The Tsunami has hit hard at critical departments and Ministries leaving a strong wave of uncertainty, many demoralised and some jobless. In traditional approaches to public administration, democracy gives the goals; and bureaucracy delivers the technical efficiency required for implementation. But the recent moves in the civil service are indicative of conflicting imperatives – the notion of separation between politicians and administrators is becoming blurred by the day.
“Look at what happened to Prisons and BDF where second in command were overlooked for outsiders, and these are the people who had sacrificially served for donkey’s years hoping for a seat at the ladder’s end. The frequency of the changes, at times affecting the same Ministry or individual also demonstrates some level of ineptitude, clumsiness and lack of foresight from those in charge,” remarked the PS who added that their view is that the transfers are not related to anything but “settling scores, creating corruption opportunities and pushing out perceived dissident and former president, Ian Khama’s alleged loyalists and most of these transfers are said to be products of intelligence detection.”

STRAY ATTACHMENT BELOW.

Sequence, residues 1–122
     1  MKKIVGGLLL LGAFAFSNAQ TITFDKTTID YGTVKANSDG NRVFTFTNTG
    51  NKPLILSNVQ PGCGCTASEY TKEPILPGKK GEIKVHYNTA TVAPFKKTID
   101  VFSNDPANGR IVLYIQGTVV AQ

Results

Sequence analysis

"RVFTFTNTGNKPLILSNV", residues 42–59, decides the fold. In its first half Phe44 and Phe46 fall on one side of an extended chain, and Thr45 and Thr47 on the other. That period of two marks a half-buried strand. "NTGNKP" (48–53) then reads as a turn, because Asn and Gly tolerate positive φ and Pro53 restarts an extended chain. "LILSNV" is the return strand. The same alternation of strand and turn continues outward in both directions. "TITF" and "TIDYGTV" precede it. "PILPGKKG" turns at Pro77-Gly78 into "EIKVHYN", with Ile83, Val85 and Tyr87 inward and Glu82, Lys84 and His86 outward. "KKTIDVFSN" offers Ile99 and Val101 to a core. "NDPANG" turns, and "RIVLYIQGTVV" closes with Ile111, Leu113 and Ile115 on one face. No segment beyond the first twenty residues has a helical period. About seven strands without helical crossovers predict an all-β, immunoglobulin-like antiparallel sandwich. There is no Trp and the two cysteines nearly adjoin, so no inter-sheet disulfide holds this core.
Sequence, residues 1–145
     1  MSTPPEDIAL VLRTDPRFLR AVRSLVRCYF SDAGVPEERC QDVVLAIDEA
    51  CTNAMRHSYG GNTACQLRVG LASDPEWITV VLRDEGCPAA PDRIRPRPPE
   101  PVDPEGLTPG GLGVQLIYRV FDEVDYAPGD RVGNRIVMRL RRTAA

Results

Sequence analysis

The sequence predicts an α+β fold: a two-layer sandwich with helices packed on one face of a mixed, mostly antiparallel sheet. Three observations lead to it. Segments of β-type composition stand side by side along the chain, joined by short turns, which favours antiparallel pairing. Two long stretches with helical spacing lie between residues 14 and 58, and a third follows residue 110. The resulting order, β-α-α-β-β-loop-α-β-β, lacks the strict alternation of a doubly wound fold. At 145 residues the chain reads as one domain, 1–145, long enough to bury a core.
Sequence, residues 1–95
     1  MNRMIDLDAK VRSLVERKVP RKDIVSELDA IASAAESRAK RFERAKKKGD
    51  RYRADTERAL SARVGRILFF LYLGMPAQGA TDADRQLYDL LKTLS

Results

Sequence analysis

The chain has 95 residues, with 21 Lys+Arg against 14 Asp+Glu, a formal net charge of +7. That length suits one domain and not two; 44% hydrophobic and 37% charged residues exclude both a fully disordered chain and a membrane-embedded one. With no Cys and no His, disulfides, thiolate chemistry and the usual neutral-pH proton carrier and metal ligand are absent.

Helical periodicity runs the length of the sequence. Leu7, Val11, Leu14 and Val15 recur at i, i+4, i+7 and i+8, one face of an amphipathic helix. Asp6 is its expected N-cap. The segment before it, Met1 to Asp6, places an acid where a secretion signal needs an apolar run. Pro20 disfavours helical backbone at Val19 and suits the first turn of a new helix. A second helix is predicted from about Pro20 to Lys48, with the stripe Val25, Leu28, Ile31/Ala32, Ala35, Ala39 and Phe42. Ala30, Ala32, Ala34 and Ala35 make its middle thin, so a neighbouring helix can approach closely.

Partly blaming Khama for the mess and his unwillingness to let go, the PS dismissed Masisi for falling to the trap and failing to outgrow the destructive tiff. “Khama is here to stay and the sooner Masisi comes to terms with the fact that he (Masisi) is the state President, the better. For a President to still be making these changes and transfers signals signs of a confused man who has not yet started rolling his roadmap, if at all it was ever there. I am saying this because any roadmap comes with key players and policies,” he concluded.